February Cyber Security Newsletter - How to Spot a Phishing Email
How to spot a Phishing Email.
You receive countless emails all day long. From personal emails to work emails, how do you know which emails are safe and which are not?
by Brianna Vega on February 5, 2019
How can you spot a phishing email?
- Generic Greeting- “Dear Bank Customer” or “Dear Email User”
- Fake Email Address/Fake web links- If you hover over the sender’s email address it will be different than the name of the sender. If you hover over any URL links in the email they will be different than the information of the sender.
- A sense of urgency requiring Immediate Action- example, “Please respond immediately” or “Please reset your password immediately” because your account has been hacked or your password is going to expire.
- Poor Spelling and Grammar- phishing emails will have misspellings, incorrect grammar and odd phrasing.
- Insecure Connections- always make sure that the website you are entering your information has a URL beginning with https:// The ‘S’ stands for Secure. If you are entering your information into a website and the URL has http:// it is not secure and you should not be entering your personal information into the website.
- Attachments- Never click on an attachment unless you are expecting the attachment from a trusted source. Attachments in a phishing email could be disguised as a meeting invite, a word document or excel spreadsheet. These attachments are used to hide a virus, spyware or malware. Even if you believe you know the sender of the email, always call the sender to confirm the attachment. They too could have opened a phishing email and now their emails have been compromised and that malware or virus is spreading to all their contacts.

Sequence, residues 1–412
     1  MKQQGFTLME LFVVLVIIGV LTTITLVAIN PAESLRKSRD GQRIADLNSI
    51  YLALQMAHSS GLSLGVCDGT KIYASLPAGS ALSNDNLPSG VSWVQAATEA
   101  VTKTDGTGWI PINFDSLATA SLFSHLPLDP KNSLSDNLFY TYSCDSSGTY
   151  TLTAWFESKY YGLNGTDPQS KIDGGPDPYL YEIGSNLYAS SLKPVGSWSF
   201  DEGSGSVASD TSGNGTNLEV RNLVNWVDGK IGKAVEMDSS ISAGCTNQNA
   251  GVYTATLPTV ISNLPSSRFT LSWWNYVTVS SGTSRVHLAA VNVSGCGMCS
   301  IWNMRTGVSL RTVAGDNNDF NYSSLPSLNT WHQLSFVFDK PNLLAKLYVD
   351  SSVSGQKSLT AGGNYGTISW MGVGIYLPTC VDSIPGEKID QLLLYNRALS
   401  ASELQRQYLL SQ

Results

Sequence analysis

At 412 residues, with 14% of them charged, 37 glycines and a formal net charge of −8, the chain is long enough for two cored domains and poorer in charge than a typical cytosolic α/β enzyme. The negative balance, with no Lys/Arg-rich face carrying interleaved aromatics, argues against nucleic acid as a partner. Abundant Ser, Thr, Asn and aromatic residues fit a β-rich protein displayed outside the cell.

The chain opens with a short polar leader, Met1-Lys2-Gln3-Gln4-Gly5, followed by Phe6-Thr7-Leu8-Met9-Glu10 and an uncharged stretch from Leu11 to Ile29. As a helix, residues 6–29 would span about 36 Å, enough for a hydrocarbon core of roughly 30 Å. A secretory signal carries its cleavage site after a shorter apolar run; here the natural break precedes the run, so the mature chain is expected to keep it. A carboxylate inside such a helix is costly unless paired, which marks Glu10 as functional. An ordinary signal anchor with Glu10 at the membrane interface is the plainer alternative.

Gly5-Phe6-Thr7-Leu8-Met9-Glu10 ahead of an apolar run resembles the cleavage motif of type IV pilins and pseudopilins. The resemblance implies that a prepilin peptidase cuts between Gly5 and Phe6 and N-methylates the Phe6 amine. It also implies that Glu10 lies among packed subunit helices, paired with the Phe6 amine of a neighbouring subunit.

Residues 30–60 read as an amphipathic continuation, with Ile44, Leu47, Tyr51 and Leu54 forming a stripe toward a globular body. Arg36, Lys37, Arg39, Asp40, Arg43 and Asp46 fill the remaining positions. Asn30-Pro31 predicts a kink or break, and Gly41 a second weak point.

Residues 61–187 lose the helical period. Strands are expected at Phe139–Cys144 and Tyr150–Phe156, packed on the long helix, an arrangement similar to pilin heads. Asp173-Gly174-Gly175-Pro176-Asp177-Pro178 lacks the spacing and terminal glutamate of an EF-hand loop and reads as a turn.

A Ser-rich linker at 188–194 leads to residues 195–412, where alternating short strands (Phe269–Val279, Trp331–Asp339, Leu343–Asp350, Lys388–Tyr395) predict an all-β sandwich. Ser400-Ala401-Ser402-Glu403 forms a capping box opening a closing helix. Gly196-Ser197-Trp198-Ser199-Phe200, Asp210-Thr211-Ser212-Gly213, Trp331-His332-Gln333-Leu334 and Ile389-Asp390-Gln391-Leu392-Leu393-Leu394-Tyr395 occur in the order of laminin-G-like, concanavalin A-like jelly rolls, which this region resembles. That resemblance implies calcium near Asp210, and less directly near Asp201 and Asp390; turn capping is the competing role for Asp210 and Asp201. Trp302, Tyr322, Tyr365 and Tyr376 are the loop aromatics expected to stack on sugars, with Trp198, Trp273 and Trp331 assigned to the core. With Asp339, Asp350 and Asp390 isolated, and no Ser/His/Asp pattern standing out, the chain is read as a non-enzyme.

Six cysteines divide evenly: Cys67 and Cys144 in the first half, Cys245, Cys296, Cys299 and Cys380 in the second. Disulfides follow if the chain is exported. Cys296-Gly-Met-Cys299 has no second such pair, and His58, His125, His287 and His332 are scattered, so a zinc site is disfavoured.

What does a Phishing Email look like?
This is an example of a phishing email sent from “Bank of America”, you can see that the sender’s email address is not a Bank of America email address. That should be your first red flag and the first thing you look for when receiving an email. The email also uses a generic greeting instead of addressing you by your name. The email also wants you to sign into the URL provided in the email. When you hover over the URL it is not a Bank of America URL. There are grammatical errors made in the email as well.
I will be sending out monthly security newsletters. If you ever have a concern or question on best security practices please feel free to email me at email@example.com